Changes in ResLife As the new Title IX process took effect, the University disciplinary process changed slightly as well to reflect the OCR’s recommendations. Brian Coughlin, associate vice president for Student Affairs, and Kathleen O’Leary, director of Community Standard, applied the results of the OCR review to the sexual assault policy outlined in du Lac. O’Leary said two significant changes to the disciplinary process took effect this semester. The first change allows the complainant to ask to be in a separate room from the accused during the disciplinary hearing, O’Leary said. “I think providing the complainant some reasonable alternatives to not be in the same room is bringing us up to speed with other institutions,” she said. The second change involves the case review process after a disciplinary hearing. O’Leary said now either the complainant or the accused can request a case review “based on either a procedural defect that occurred during the disciplinary review process or based on the discovery of substantive new information that was unavailable to them at the time of the hearing.” Previously, only the accused could request a case review. O’Leary said her office has not dealt with any cases involving sexual assault yet this year, so she cannot gauge how effective these changes will be in the future. After this summer’s changes, Coughlin said continuing to update the sexual assault policy reflects the fact that “sexual assault isn’t something that [only] happens to a University or a University community, but to an individual as well.” Coughlin said he hoped the changes would improve the experience for everyone involved with the sexual assault policies. “All in all, I think that what we’ve learned and how we’ve gone through the process is a really good thing,” Coughlin said. “I think that we hope that we do enough in terms of prevention and education that we won’t ever have to use it, but the reality is that we probably will.” Under the microscope Even as Notre Dame implemented these Title IX changes, Russell said the OCR had another concern. “At the same time, the OCR had come forward to Notre Dame and asked if we would do a voluntary compliance review, and Notre Dame agreed,” Russell said. Vice President for Student Affairs Fr. Tom Doyle said the OCR approached the University in fall 2010. “They visited campus, they interviewed people, they looked at particular cases,” Doyle said. “At the end of that review, they wrote a letter that is a public document that basically was what their findings were. They spent about half of the letter commending Notre Dame for the things that are included in its policies and practices … and then they spent about half the letter making suggestions.” In the letter, the OCR said its investigation was “agency-initiated,” not based on a specific complaint. “OCR’s investigation followed an internal review of previously filed cases against the university, and recent articles in the press about Notre Dame’s handling of sexual assault complaints, including one incident in which a student committed suicide after reporting that she was sexually assaulted by another student,” the letter stated. Earlier that fall, Saint Mary’s student Lizzy Seeberg committed suicide after alleging that a Notre Dame football player sexually assaulted her. Doyle said Seeberg’s death and the investigation did fall in proximity to one another. “Whether or not there is causality there, I don’t know,” he said. In the eyes of Associate Vice President for Residential Life Heather Russell, more reports of sexual assault can be good news. This is because for Russell, more reports mean less silence. “When we’re doing this right … the number of people reporting is going to go way up,” Russell said. “I don’t think that’s because there is anything new under the sun. I believe it’s because we are actually creating a system that people think works and a culture of reporting, and some people who have been silent in the past will come forward.” Russell serves as the University’s Deputy Title IX coordinator, which means that she is the first point of contact for all reports of sexual assault on campus. Russell’s position is a new one not only at Notre Dame, but at most college campuses across the United States. The job is a product of the “Dear Colleague” letter issued in April by the Office of Civil Rights (OCR) in the Department of Education. The letter called for all colleges to more strongly implement Title IX of the Education Amendments of 1972, which prohibits sexual discrimination at institutions that receive federal funds. Russell said the letter required the University to create her position as well as a more clearly outlined investigation process for sexual assault. While she could not comment on specific cases, Russell said the number of reports this semester has already exceeded the number she expected for the entire year. New process Russell said the new Title IX process must be condensed within 60 days, a new requirement from the Department of Education. These 60 days begin when a victim reports an assault to a non-confidential source — typically anyone who is not a dorm rector or a member of campus ministry. This person then reports the names of the student, date, time, location and brief description of the assault to Russell. Both the accused and the complainant are then assigned a sexual assault resource coordinator (SARC). The complainant and the accused are to have no contact after this point, Russell said. “If the accused or the complainant had any questions about what is the process, what happens next, that SARC is their resource person through the entire process,” Russell said. An investigator compiles a full report on the incident for Russell, and then she meets with the complainant to talk about the next step. This student could decide to pursue disciplinary action, criminal justice, or neither. If the student decides not to pursue those options, the University can still move forward on either front without the student’s participation. Any disciplinary action through the Office of Residence Life must also be completed within the OCR’s 60-day timeframe. “So it’s a very much refined way of shepherding a case from beginning to end in a way that we hope is humane and kind and just,” Russell said. “I think the thing that has been paramount in my mind throughout all of this is, what are we doing both in terms of what OCR asked of us but what we believe is right.” A ‘life-giving’ process Though the changes are still new, Russell said early feedback on the new processes is positive. “Both complainants and accused have commented on how helpful it has been to have a SARC, that sexual assault resource person who has been their first point of contact,” Russell said. As she continues in her new position, Russell said she hopes for the process to be “life-giving” for the students who go through it. Despite positive signs after one semester, Doyle said the University needs to continue to hold itself to a higher standard. “Where would we like to be a year from now?” Doyle asked rhetorically. “We do need to have the community understand what the obligations are for reporting and the processes, but to my mind, the real conversations are the conversations that help us as a community to create the kind of community where sexual assault does not exist.”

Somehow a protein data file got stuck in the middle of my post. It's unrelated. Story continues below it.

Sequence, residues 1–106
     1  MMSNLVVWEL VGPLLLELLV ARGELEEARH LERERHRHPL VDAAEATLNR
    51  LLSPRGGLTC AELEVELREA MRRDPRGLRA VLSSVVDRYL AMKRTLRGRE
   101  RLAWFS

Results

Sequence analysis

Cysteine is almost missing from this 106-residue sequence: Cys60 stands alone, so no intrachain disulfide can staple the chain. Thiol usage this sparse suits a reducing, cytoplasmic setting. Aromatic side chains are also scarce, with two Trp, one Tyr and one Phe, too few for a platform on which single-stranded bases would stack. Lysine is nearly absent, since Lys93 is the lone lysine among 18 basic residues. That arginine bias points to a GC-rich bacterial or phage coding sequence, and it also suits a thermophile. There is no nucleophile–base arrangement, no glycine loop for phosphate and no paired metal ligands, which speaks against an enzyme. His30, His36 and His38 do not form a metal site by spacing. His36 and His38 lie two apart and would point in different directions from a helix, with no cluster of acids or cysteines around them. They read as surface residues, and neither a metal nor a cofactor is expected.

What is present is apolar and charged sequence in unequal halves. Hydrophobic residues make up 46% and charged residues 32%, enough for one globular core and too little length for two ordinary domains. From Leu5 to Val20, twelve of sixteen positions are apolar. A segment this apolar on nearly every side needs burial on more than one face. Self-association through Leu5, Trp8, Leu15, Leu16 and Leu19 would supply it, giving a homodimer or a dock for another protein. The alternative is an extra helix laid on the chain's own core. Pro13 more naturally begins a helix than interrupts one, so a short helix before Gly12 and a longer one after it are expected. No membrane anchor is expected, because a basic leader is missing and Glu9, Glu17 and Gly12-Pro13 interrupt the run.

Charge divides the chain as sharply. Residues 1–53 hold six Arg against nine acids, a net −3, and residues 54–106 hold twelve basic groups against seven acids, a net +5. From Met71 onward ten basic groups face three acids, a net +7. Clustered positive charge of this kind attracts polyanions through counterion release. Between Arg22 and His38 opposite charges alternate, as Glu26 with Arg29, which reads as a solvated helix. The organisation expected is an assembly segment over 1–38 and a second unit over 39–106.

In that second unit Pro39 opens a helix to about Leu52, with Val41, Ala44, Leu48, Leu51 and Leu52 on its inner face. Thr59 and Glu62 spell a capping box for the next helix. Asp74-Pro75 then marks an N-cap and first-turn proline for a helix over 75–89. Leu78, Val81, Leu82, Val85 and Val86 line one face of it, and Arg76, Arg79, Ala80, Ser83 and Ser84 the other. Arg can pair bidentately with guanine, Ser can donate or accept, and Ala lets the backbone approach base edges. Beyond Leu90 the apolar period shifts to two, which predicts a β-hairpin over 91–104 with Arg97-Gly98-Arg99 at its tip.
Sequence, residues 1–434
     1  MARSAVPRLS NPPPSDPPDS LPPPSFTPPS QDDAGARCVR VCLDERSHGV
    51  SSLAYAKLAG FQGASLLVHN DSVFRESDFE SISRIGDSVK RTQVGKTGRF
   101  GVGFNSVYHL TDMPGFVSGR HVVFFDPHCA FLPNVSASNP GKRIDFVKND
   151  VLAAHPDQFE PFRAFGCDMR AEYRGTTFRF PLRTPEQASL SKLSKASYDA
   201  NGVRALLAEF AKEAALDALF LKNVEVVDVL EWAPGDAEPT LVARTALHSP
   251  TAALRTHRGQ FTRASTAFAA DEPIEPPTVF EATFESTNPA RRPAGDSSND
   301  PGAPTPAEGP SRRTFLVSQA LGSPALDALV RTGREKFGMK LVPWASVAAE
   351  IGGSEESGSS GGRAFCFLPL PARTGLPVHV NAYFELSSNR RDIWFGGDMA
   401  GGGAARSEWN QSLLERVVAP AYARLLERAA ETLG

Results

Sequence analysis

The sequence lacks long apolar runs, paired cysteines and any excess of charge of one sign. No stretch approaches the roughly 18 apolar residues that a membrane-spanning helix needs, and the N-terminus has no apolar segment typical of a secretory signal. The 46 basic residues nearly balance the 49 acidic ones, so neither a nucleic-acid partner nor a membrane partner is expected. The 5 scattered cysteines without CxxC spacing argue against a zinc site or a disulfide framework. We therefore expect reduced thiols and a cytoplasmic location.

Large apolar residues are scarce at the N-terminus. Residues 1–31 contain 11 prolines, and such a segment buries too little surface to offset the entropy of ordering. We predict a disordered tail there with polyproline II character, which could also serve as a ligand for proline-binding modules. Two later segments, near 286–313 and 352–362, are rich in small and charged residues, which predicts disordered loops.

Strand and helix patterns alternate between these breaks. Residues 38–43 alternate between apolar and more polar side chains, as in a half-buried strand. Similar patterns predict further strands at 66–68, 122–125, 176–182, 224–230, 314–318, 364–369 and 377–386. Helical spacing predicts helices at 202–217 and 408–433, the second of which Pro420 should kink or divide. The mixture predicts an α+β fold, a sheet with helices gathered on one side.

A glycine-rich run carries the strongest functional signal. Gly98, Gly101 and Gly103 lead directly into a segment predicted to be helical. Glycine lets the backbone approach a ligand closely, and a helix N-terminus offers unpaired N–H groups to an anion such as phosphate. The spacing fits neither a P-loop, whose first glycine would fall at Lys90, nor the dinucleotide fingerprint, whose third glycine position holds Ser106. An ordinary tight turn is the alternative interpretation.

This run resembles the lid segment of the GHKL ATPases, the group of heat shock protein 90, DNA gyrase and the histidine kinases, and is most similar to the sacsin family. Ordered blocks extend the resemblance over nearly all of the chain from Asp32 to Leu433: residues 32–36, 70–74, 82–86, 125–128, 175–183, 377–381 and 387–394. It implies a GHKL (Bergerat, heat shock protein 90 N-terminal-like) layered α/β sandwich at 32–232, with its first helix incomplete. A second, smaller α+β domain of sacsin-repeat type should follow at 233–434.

Ross Douthat, author and New York Times columnist, spoke on the evolution of religious liberty in America since the Second Vatican Council on Wednesday afternoon in Decio Theatre of the DeBartolo Performing Arts Center. The event was part of the 2015-2016 Notre Dame Forum, which is titled “Faith, Freedom and the Modern World: 50 Years After Vatican II.”Douthat said he looked to the Second Vatican Council’s declaration on religious freedom, “Dignitatis Humanae,” to track the evolution of the Church’s attitude toward religious liberty.“[It] formally established the Roman Catholic Church’s support for religious liberty and developed the Church’s teaching to the point where it was no longer deemed necessary for Catholics to argue for a preferential, state-established position for the Catholic Church in countries around the world,” he said.Although the document was written in Rome, Douthat said, the “crucial transformative voices” that crafted “Dignitatis Humanae” were American. Furthermore, American Catholicism gave an example of the positive relationship the Church could enjoy with the government.“Anyone looking for evidence 50 years ago that the Church had nothing to fear from dropping its call for a preferential position for Catholicism could look to the United States, could look to Notre Dame, and be immediately reassured that the Church could flourish, absent such patronage,” he said. “And anyone looking for evidence that one form of liberalism, liberal democracy at least, could be trusted to protect the Church’s freedoms, rather than perpetually going against it … could likewise look to America and could find what looked like very solid proof of concept.“So while a document like ‘Dignitatis Humanae’ had still been imaginable without the American example, and the arguments that undergirded it might still have resonated as Catholics tried to grapple with twentieth century realities, politically, theology can only be so abstract. It ultimately needs a reference point in actual existing politics. … Having the American example made an immense difference in the debates, its outcomes, and the document and teaching itself.”Douthat said in contemporary times, the American Catholic consensus that the Church can flourish in the liberal democratic experiment is fracturing.“One crack is showing up a little on the Catholic left. In the age of Pope Francis, the current pontiff’s scathing criticism of global capitalism and the American-led world order has maybe started to encourage a more radical Catholic left critique of the American system than we have seen since probably the Vietnam era,” he said. “On the Catholic right, especially maybe the younger Catholic right, there’s an increasingly felt tension between being American and being Catholic, stronger even lately than some of the tensions created by Roe v. Wade. And this tension is emerging for a reason that’s relevant for the specifics of ‘Dignitatis Humanae,’ one of the elements of religious liberty that that document deemed essential to the political order — the idea that freedom of religion encompasses the freedom of the religious community.”The guarantee of corporate religious freedom is no longer apparent, Douthat said, citing recent attempts by the U.S. Department of Health and Human Services to enforce mandates of contraception on Catholic institutions, as well as ACLU lawsuits against Catholic hospitals.“What all of these examples have in common, in addition to the connection to the sexual revolution, is that they represent places where state pressure is being brought to bear not on Catholicism as embodied at Mass on Sunday, but on Catholicism as a corporate identity, Catholicism as the impetus and organizing idea behind the institutions which seek to serve the common good,” he said. “In each case, and perhaps more as time goes by, the Church is being told that trying to serve others is not sufficient, that Catholics must accept that the price maybe of their most basic ministry is to accept a secular definition of the common good and be governed in certain ways by secular power rather than the constitution of the Church.”Douthat said the Catholic Church in America has been weakened in the last fifty years, as evidenced by declining Mass attendance and a decrease in religious vocations, yet the Church maintains a distinctive place in American politics.“The Church is still large enough, still potent enough, still intellectual enough to have many — to be frank — enemies, who would like to see it weakened or brought low, meaning that Catholics are not or not yet the quirky, marginal, Amish-style religious minority that tends to be tolerated and accommodated very easily under secularism. But at the same time, the Church is too weakened, divided, possibly declining certainly in some cases to effectively fight its battles when those enemies circle or attack.”Religious liberty protections are often unnecessary for the stronger religious groups, and easy to extend to the weaker religious groups, Douthat said.“It’s the weakened, but still important, institutions in between that are more likely to see their protections shrink, and that’s roughly where the Church has found itself today,” he said.Douthat said many who want to restrict the Church’s religious liberties do not view Christianity itself as problematic, but instead identify the problem as one set of issues, where traditional Christian teaching is not compatible with contemporary views on human rights.“So in this sense, many people who support what I think are real restrictions on religious liberty see themselves as operating in the space of reasonable regulation allowed for by ‘Dignitatis Humanae’ itself, in the passage where the council fathers noted that religious liberty is still subject to certain regulatory norms,” he said. “And many even see themselves ultimately as friends to Catholicism and Christian religions, offering a kind of construction pressure and constructive criticism, a helping hand into sexual modernity — one that will be eventually vindicated by a third or fourth Vatican council, at which point Catholic resistance today will look a little silly.”Many Catholics agree with these opinions, Douthat said, and the best defense of religious liberty should focus on religious pluralism, rather than on religious liberty itself.“The part of ‘Dignitatis Humanae’ that matters most in America right now is again the document’s stress on the corporate nature of religious freedom,” he said. “And to the extent that Catholics are hoping to persuade people outside the Church that something important in American life is threatened in the current religious liberty debate, they need to press the case that this kind of communal freedom, this associational freedom, is essential to the American experiment as we know it. And if it gives way to a strictly individualistic understanding of religious liberty, something precious will have been lost.”Religious pluralism is not a threat to liberal values, Douthat said, but a complement to a liberal democracy.“A healthy pluralism allows people of any persuasion, secular or religious, progressive or conservative, to build a culture with a sense of mission, a place where certain ideas are generally accepted or taken for granted, certain organizing principles are assumed,” he said. “And at the same time it’s telling them that they have to do this within their own private institutions, rather than aspiring to impose their ideas on a grander, society-wide scale.”Douthat said the tensions between the Church and the wider culture should also serve as a reminder that the Church does not have a permanent political home.“Even as we seek to preserve that congruence between the American order and Catholic freedom that inspired so much optimism in 1965, we should also not to expect it to last indefinitely,” he said. “We should realize that liberal democracy, like all political orders, is time-bound and contingent, and not the ultimate good that the Church is called to preach.As American attitudes toward religious liberty evolve, the Church must be prepared to adapt and move forward, Douthat said.“If a synthesis between being American and being Catholic, which seemed to be getting easier in the 1960s and may be getting more difficult today, we should be challenged but not necessarily troubled by that change,” he said. “‘Heaven and earth shall pass away,’ Jesus said ‘but my words shall not pass away.’ But he was not talking about the U.S. Constitution.”Tags: Dignitatis Humanae, Notre Dame Forum, religious liberty, Vatican II